Retailers Strategize for a Winter Of Potentially Tight Supply

With inventory levels in mid-2017 close to mid-2013 levels, retail marketers continue to be concerned — as they have been for several months — that the winter of 2017-2018 could present similar challenges to the winter of 2013-2014. As most recall extremely vividly, that winter saw a major supply shortage, especially in the Midwest, and extreme wholesale price spikes as high as $5/gallon in the Heartland.
Winter 1 072017

That year, a big demand for crop drying in the fall and then an extremely cold period across most of the country created a shortage, again, especially in the Midwest. These issues then combined with a shutdown of the Cochin Pipeline on short notice for several months and a leak at Todhunter, Ohio, that closed down that usually busy terminal. With exports moving out in larger and larger numbers, the industry faced a perfect storm as a lot of product from the Midwest was suddenly needed in the Northern and Eastern U.S. while product kept flowing toward the Gulf for export.  

After a Federal Energy Regulatory Commission ruling that was sought for several weeks, 500,000 bbl of propane were prioritized for movement to the Midwest. This brought some relief to retail propane marketers who had been struggling to obtain supply and were rationing the product they had to desperate customers. That winter caused most retailers to evaluate how to prevent the challenges they faced from affecting them again. On the national level, the National Propane Gas Association (NPGA) formed a task force to evaluate and recommend action steps for the future to prevent the challenges faced from hitting the industry again.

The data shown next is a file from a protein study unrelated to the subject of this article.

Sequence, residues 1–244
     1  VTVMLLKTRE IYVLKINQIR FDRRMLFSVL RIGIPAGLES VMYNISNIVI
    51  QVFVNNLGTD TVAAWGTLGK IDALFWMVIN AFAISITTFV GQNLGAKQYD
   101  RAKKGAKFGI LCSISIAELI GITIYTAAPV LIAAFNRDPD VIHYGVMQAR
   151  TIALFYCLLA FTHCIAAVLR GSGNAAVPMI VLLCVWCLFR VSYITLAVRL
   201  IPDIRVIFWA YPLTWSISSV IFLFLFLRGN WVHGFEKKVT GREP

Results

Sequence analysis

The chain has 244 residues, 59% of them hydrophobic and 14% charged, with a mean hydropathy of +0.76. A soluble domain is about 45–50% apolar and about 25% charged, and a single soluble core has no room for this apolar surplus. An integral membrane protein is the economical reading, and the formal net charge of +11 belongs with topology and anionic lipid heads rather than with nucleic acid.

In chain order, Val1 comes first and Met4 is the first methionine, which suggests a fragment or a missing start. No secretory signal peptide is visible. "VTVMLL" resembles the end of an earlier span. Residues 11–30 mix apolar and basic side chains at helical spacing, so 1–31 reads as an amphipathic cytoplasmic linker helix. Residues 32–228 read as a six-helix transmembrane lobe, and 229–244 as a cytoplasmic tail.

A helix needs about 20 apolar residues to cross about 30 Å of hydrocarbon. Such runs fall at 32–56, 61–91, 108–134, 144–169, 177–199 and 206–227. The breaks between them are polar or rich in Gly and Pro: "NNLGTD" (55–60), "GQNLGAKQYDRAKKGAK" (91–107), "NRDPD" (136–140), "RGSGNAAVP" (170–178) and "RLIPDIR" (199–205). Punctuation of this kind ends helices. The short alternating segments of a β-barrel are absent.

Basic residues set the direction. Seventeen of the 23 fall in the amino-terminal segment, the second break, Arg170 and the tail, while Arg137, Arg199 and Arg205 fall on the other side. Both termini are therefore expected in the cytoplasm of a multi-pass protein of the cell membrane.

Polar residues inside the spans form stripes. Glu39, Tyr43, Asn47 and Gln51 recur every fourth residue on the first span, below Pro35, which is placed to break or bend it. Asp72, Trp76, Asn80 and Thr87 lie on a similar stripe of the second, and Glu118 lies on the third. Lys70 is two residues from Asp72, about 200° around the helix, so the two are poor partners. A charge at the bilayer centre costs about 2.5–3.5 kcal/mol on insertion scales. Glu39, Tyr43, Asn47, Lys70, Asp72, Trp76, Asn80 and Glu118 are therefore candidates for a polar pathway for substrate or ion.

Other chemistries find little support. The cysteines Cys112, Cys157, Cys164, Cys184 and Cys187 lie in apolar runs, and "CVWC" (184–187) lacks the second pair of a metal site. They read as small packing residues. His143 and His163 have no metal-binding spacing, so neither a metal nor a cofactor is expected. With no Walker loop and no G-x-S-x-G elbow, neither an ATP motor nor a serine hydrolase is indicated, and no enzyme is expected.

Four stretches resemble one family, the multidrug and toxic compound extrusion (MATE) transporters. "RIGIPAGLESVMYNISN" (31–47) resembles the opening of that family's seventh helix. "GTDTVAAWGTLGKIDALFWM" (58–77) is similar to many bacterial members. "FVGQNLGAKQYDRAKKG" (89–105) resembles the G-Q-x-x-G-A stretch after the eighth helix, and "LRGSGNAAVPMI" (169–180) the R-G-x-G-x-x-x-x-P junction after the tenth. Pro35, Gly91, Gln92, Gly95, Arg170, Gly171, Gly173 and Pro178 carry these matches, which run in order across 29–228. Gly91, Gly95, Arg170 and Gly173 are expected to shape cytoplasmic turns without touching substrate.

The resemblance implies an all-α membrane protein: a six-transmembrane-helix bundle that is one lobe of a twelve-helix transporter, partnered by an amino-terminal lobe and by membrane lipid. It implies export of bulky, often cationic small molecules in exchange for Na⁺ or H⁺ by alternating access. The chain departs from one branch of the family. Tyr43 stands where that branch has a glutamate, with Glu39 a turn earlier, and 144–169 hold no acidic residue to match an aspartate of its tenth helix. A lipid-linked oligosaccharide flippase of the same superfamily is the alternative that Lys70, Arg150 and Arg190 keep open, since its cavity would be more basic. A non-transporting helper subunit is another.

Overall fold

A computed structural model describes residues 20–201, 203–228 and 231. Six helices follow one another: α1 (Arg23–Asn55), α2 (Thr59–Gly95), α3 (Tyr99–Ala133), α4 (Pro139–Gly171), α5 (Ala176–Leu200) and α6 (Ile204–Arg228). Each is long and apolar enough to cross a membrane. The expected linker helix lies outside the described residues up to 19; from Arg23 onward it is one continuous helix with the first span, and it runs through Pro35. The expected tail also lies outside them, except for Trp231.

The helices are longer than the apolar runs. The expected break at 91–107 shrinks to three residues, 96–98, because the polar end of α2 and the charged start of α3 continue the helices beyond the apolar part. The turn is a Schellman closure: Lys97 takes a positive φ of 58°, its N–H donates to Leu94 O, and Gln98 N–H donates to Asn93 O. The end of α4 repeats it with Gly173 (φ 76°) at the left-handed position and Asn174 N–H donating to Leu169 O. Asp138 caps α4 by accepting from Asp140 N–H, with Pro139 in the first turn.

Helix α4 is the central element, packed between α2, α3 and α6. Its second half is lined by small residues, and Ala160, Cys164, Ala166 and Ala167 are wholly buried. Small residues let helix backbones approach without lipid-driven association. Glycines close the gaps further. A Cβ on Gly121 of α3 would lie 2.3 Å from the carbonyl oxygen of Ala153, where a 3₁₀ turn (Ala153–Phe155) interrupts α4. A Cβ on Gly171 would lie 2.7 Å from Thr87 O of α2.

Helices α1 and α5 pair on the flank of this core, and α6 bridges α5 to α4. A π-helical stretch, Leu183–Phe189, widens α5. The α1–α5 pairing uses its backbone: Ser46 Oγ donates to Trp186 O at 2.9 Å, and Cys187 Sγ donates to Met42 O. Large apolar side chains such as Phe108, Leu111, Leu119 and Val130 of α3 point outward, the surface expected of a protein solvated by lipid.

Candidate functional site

An email to marketers in late April from the National Propane Gas Association (NPGA) outlined several steps it was taking at federal, state, and industry levels, including:

  • Rail and pipeline prioritization: Communicating with the Association of Oil Pipelines and the Association of American Railroads to ensure that product is flowing to key supply points in the U.S. during peak usage times.
  • Hours-of-service waivers: Working with the U.S. Department of Transportation to review regional hours-of-service waivers.
  • Energy Information Administration (EIA) data: Connecting with the Department of Energy’s EIA to expand its supply notifications to include exports in its days-of-supply calculations.
  • Research and data: Updating and expanding a 2015 infrastructure study to reveal changes in how, when, and by what means propane is moving through the supply chain.
  • Evaluation of strategic propane reserve: Collaborating on a study to determine the feasibility for potential strategic reserves based on regional supply dynamics.
  • Regional energy office communications: At the state level, coordinating energy officials and policymakers with the goal of educating them about regional propane supply factors.
Phil Squair, NPGA senior vice-president, public and governmental affairs, said, “NPGA, state associations, and PERC are light years ahead of where we were before 2013-2014 in terms of knowledge and preparation.” He noted that NPGA has been publishing its “NPGA Inventory Trends Report,” a detailed forward-looking analysis of all propane supply and demand factors, to give a sense of where we are headed.

According to Jeff Petrash, NPGA vice president and general counsel, the Association does not want to alarm people, but it wants individual marketers as well as the industry as a whole to take necessary steps to avoid problems from a shortage. “We need better data to include exports in days-of-supply calculations,” he said, noting that NPGA has been lobbying for EIA to amend the way it presents data. Petrash joined the association in March 2013 because of his extensive knowledge of federal and state regulations of the energy industry. His strong background in natural gas policy was seen as critical as the shale revolution meant at least 63% of propane was coming from the natural gas stream and the industry wanted favorable parity with natural gas in public policy. During 2014, Petrash ended up spending most of the year focused on supply issues following the winter of 2013-2014.